The best of the organization's upper-level prospects will play, from outfielders Roman Quinn and Nick Williams, catchers Andrew Knapp and Jorge Alfaro, and pitchers Jake Thompson and Zach Eflin. Of the deep crop of prospects in the Phillies system, the 21-year-old Crawford, who could begin the 2016 season at Double-A but work his way into a quick promotion at Triple-A Lehigh Valley, is the one many expect to lead the team when it’s time to contend again.
But if Crawford turns into the next Jimmy Rollins – a slick-fielding shortstop will an all-around game and a knack for igniting a team when needed – he’s going to need a supporting cast. He’s going to need his Chase Utley and Ryan Howard and Cole Hamels.
Although they haven’t shared a field yet, the Carpenter Complex in Clearwater allows everyone in the organization to see anyone and everyone in March. Crawford likes what he sees in Randolph.
“He’s competitive on the field,” Crawford said. “The guy can flat out hit. He's just a baseball guy doing what he loves to do and he's doing a good job of doing it.”
Randolph will not play in this week’s Futures Series.
Again, he’s a teenager and just a year removed from facing high school pitching, with what could be an already-challenging task of a spring in the Sally League on his itinerary. Perhaps next year for the Future Series.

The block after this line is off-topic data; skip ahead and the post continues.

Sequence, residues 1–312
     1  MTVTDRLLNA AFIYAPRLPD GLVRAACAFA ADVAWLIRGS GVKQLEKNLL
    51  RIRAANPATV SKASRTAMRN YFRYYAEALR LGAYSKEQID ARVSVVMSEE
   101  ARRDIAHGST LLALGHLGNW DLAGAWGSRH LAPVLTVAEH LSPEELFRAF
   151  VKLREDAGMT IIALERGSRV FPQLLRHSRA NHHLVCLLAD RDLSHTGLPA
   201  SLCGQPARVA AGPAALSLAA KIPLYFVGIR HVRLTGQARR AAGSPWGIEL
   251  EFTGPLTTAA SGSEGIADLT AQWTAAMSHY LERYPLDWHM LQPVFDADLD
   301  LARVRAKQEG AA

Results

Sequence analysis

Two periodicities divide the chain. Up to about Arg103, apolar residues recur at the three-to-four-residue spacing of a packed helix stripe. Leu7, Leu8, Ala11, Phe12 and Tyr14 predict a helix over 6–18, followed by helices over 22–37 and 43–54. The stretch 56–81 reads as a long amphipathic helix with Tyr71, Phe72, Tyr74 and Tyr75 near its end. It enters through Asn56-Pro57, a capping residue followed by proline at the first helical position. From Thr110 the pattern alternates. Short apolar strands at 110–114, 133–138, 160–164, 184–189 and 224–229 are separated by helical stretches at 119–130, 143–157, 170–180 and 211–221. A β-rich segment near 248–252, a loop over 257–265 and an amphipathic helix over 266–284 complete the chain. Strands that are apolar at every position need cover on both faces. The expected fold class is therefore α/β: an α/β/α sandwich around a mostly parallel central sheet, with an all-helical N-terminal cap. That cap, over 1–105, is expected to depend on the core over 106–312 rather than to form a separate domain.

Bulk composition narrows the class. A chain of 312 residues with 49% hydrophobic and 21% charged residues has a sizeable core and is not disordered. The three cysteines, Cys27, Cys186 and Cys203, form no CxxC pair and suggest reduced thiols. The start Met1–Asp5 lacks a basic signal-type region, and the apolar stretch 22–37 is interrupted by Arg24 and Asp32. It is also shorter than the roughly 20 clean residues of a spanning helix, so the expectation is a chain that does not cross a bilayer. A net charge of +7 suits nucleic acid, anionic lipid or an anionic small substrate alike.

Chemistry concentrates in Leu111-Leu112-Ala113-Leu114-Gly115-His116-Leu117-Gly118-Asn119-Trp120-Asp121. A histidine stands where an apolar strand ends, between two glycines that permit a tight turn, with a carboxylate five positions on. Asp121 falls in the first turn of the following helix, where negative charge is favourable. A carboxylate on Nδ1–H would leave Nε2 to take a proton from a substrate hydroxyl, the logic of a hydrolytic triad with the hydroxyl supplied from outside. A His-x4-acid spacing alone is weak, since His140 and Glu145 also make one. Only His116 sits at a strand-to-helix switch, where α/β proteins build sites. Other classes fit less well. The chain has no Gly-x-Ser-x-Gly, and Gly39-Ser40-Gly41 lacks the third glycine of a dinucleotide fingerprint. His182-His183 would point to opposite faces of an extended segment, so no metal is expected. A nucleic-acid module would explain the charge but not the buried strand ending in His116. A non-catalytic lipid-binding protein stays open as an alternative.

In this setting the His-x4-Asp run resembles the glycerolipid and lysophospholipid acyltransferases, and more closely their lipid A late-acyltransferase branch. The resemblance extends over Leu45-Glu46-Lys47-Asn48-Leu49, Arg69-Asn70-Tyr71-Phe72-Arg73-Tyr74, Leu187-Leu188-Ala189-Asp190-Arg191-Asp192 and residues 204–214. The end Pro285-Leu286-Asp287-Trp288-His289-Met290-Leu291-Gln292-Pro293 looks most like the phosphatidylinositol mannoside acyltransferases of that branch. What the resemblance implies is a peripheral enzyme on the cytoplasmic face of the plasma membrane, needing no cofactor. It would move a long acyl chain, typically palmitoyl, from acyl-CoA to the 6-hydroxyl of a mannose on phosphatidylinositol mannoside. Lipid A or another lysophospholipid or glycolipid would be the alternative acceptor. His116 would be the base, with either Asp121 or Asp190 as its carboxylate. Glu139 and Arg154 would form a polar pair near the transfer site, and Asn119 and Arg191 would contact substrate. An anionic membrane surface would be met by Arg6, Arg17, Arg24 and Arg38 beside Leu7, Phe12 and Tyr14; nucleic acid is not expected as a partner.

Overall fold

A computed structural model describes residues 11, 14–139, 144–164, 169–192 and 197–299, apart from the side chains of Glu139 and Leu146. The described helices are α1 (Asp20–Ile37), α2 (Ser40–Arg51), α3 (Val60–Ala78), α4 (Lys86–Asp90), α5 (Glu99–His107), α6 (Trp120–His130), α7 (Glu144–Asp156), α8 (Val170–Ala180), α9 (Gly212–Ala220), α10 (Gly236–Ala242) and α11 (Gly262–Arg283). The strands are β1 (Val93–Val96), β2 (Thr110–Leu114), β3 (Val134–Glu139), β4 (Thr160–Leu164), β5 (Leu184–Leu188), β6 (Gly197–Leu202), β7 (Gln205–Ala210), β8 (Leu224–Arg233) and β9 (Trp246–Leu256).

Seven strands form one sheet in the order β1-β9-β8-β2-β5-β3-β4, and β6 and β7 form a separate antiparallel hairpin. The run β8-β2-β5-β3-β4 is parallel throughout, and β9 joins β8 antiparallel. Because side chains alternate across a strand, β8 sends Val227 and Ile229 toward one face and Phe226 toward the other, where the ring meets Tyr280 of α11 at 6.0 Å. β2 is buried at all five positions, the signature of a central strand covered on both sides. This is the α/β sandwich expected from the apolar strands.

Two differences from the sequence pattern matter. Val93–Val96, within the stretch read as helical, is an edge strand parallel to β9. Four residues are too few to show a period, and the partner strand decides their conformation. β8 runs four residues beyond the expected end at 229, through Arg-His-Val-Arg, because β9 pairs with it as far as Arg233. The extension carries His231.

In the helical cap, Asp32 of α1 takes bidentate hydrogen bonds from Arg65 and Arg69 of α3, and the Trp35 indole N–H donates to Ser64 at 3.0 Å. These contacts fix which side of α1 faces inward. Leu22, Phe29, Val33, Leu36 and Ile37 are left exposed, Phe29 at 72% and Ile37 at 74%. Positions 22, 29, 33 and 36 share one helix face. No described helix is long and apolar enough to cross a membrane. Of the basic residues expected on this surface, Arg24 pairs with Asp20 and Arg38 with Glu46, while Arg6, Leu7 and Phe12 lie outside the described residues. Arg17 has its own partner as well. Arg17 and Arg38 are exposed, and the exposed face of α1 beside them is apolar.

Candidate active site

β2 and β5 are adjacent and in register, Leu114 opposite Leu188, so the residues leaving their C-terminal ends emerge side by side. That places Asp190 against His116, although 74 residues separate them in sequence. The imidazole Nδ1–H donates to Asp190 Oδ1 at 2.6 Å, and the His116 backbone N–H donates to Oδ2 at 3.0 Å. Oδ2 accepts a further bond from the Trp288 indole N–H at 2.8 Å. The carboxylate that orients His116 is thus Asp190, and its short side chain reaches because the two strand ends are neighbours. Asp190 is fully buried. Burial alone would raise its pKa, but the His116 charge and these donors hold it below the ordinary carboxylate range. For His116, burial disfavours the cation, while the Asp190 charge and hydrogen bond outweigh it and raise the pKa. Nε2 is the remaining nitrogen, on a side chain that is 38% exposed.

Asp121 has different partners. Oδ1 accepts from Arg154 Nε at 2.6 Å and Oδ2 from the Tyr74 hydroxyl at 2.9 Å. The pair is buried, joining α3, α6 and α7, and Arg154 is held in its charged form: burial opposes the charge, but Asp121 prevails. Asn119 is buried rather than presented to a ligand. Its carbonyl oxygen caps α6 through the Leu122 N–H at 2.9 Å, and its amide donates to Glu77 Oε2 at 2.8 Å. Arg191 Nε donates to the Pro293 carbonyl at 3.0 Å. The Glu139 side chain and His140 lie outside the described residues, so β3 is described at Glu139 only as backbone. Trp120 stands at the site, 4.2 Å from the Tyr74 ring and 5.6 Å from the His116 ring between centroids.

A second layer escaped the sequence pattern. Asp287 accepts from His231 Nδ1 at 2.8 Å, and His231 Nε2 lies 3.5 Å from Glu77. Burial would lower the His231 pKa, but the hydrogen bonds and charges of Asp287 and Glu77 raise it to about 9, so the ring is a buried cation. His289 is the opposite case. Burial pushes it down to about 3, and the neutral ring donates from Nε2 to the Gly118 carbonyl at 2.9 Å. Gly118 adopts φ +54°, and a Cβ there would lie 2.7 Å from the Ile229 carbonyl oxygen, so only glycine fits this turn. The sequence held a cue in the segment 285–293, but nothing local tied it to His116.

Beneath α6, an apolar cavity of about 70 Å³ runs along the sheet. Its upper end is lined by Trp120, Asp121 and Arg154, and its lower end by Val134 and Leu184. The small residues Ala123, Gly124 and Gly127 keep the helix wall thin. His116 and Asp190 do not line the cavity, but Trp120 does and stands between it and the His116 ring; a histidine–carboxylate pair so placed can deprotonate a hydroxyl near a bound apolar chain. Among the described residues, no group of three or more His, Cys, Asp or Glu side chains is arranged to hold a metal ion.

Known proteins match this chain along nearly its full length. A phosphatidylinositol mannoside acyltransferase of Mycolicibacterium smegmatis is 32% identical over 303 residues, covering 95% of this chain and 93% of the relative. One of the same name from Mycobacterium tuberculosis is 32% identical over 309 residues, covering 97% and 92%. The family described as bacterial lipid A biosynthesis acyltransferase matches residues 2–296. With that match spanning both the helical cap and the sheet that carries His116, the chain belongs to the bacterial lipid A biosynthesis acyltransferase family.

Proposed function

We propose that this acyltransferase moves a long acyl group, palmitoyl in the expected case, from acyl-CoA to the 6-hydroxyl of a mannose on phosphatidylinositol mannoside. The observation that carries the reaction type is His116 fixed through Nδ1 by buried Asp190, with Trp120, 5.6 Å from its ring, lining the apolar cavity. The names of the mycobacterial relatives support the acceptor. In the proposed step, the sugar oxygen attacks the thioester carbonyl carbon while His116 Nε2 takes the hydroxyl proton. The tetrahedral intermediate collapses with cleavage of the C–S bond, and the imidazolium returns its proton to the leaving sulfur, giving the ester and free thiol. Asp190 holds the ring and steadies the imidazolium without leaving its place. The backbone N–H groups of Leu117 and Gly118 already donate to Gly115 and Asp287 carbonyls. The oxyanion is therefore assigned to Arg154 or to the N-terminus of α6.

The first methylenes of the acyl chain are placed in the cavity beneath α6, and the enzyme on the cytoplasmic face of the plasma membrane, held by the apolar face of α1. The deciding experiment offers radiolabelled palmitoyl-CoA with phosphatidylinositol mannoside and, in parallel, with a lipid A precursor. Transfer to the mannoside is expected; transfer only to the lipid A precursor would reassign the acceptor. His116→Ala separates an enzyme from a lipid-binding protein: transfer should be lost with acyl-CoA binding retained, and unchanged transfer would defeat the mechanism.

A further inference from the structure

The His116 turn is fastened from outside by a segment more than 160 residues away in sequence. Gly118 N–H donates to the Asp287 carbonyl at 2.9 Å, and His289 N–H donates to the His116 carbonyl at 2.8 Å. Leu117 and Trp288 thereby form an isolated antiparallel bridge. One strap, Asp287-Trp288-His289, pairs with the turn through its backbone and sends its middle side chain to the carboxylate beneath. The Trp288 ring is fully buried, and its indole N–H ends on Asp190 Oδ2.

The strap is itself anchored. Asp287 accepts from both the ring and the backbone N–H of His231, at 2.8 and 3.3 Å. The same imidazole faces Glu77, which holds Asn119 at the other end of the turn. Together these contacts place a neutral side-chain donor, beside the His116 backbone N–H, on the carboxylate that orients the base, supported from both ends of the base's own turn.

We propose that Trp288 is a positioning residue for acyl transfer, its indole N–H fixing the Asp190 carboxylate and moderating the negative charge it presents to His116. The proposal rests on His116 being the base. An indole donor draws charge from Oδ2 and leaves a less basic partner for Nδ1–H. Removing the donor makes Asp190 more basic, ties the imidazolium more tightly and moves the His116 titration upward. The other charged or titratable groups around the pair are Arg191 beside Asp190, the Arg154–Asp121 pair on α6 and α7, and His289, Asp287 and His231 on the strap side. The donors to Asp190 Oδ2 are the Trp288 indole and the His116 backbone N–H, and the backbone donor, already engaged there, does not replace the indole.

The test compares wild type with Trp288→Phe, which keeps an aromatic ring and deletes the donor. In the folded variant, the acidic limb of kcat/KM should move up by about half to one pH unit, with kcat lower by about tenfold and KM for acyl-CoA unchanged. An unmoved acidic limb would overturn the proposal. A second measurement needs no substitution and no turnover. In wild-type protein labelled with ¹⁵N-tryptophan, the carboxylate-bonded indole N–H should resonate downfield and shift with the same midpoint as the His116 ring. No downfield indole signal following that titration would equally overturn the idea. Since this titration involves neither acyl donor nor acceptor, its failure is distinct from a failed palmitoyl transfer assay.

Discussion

Randolph’s talent is still raw.
He was shortstop in high school and then immediately shifted to left field after he signed with the Phillies. The organization loves his bat and clearly wants him to continue developing it. The outfield is still new, but the nine months he’s had to work at it has helped him become more comfortable, too.
“It was kind of weird last summer, but now it feels normal,” said Randolph, who never played an inning of outfield in high school or as a youth. “I’m progressing. The throws are getting better, the routes are getting a lot better. It’s just becoming easier.”
Offense appeared to come easy to Randolph right away upon graduating high school and jumping into the Phils system last summer.
In his pro debut, Randolph hit .302 with an .866 OPS in 53 games in the Gulf Coast League. Randolph’s .425 OBP ranked second in the league; he had as many walks and he had strikeouts (32).
Randolph’s goals for the upcoming season are simple. It’s not about where he begins or where he finishes, whether he earns a late-summer promotion or not, but about continue to hone his craft as a hitter.
“Just put together a lot of good at-bats and play hard everyday,” he said. “I don’t really try to do too much.”
If he sticks to that plan, and realizes the talent that made him a top-10 pick last summer, Randolph could one day graduate to the big leagues, where he might be able to jump into a lineup with Crawford and Quinn, Alfaro, Williams and Maikel Franco.
But let’s not get ahead of ourselves. He’s still more than two months away from his 19th birthday.
He’s still learning the game and thankful for the advice Crawford gave him before they were wearing the same spring training uniform this month.
“I told him to handle his business on and off the field, stay out of trouble,” Crawford recalled. “Don't try and change anything up. The guy’s got a bright future ahead of him.”